Charles Edward Holloway was a painter, engraver and lithographer.
Holloway, who specialisted in landscape and marine painting, studied at Leigh's Academy in London. He was associated with William Morris in the production of stained glass until 1866. In 1875 he was elected an associate of the Royal Institute of Painters in Water Colours, becoming a full member in 1879, and a member of the Royal Society of Painter-Etchers and Engravers in 1885. In 1893 he joined the membership of the New English Art Club, a group with which JW exhibited in 1888. 'Holloway a Londres' is also listed in an 1869 document, belonging to the University of Porto, as one of the founding members of La Société Française de Gravure.
Holloway was an active exhibitor, not only showing with the above societies, but also at the Royal Academy, Royal Institute of Oil Painters, Fine Art Society and Grosvenor Gallery in London. He also exhibited with the Royal Society of Artists in Birmingham, Glasgow Institute of the Fine Arts, Walker Art Gallery in Liverpool and Manchester City Art Gallery.
JW, who in 1880 admired Holloway's large watercolour, Gorleston Harbour (1879), painted a small portrait of Holloway, Rose and Brown: The Philosopher (YMSM 472), in the winter of 1896-97. According to Ludovici he demanded a great many sittings from the artist, and the Pennells write that JW was very pleased with the result. In May 1897 JW exhibited three oils at the Société Nationale des Beaux-Arts including Rose and Brown: The Philosopher (YMSM 472).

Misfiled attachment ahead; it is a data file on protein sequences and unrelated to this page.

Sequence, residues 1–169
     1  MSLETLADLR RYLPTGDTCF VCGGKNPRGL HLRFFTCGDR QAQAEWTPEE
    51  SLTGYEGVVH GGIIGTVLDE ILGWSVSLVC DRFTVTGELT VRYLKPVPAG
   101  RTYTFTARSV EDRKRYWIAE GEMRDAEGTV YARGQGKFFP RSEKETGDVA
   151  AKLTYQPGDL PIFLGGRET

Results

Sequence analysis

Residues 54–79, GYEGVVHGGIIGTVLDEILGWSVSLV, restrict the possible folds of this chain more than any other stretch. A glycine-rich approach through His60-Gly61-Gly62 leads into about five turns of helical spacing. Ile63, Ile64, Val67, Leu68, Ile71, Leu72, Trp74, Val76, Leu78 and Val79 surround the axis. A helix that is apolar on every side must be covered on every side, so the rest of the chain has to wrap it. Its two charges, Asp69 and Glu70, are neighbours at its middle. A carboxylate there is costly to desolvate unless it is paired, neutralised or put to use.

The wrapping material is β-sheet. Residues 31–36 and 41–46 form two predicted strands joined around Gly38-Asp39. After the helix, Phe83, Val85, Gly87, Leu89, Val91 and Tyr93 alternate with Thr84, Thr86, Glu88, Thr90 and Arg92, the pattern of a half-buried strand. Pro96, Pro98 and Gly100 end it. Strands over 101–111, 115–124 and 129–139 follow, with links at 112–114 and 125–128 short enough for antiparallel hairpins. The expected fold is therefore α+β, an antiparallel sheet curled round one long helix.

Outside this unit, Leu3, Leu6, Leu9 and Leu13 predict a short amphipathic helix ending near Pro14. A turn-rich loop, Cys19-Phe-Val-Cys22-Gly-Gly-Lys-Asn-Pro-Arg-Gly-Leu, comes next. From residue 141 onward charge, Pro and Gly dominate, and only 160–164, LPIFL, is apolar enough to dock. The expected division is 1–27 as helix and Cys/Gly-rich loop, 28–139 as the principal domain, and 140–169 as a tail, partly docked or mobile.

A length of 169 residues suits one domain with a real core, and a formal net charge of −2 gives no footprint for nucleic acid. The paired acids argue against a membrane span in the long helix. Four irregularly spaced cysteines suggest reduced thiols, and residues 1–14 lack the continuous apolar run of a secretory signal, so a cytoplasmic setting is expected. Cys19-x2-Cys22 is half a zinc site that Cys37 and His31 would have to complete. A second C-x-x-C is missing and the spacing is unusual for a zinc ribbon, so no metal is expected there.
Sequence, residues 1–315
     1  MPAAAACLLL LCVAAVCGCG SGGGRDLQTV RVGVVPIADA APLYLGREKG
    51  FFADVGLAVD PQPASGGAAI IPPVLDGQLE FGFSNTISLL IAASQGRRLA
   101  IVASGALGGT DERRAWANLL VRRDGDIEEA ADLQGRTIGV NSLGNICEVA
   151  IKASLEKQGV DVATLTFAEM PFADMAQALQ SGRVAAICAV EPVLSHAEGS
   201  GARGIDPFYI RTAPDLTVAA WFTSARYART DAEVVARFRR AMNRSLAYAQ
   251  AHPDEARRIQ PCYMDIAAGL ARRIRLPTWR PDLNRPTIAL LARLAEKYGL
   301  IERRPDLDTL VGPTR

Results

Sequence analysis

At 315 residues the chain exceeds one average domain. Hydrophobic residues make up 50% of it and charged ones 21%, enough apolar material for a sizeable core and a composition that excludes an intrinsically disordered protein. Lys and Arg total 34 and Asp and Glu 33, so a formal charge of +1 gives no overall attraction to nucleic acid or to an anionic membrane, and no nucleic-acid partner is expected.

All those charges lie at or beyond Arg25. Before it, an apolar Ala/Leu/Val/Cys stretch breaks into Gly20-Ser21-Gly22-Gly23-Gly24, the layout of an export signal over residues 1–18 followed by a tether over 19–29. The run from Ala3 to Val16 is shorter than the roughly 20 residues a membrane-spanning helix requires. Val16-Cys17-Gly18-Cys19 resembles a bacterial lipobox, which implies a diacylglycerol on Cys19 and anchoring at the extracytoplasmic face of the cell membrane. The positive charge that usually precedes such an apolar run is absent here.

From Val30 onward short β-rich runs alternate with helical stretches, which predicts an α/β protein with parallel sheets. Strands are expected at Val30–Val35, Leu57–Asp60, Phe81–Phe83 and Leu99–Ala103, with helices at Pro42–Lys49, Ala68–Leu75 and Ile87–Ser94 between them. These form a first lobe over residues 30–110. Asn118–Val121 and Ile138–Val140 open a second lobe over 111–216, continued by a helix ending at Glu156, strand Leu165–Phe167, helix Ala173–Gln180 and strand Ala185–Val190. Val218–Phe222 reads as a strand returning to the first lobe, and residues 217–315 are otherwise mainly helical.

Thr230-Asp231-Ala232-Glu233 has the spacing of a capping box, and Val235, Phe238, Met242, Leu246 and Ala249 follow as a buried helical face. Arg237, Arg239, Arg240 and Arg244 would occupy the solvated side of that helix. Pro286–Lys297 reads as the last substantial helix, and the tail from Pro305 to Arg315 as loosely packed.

JW was distressed in the early part of 1897 to find Holoway ill in his Chelsea studio, and provided doctors, nurses, medicine and food. At Holloway's death he suggested a scheme for a fund to purchase some of the artist's pictures and give the proceeds to the family. He later arranged with David Croal Thomson for a posthumous exhibition of Holloway's Venetian paintings to be held at Goupils in 1897. Included in the exhibition was Rose and Brown: The Philosopher (YMSM 472). Some of Holloway's works at this exhibition had markedly Whistlerian titles, demonstrating the extent of JW's influence, e.g. A Harmony in Grey (40).
Gravesham Borough Council owns a rare oil by Holloway, The Old Falcon.
Pennell, Elizabeth Robins, and Joseph Pennell, The Life of James McNeill Whistler, 2 vols, London and Philadelphia, 1908; Bénézit, E., Dictionnaire des Peintres, Sculpteurs ,Dessinateurs et Graveurs, 8 vols, Paris, 1956-61; Young, Andrew McLaren, Margaret F. MacDonald, Robin Spencer and Hamish Miles, The Paintings of James McNeill Whistler, New Haven and London, 1980; Johnson, J., and Anna Gruetzner, Dictionary of British Artists 1880-1940, Woodbridge, 1980; Walkley, Giles, Artists' houses in London 1764-1914, Aldershot, 1994; Oil Paintings in Public Ownership in Kent, The Public Catalogue Foundation, London, 2004, p. 100, repr.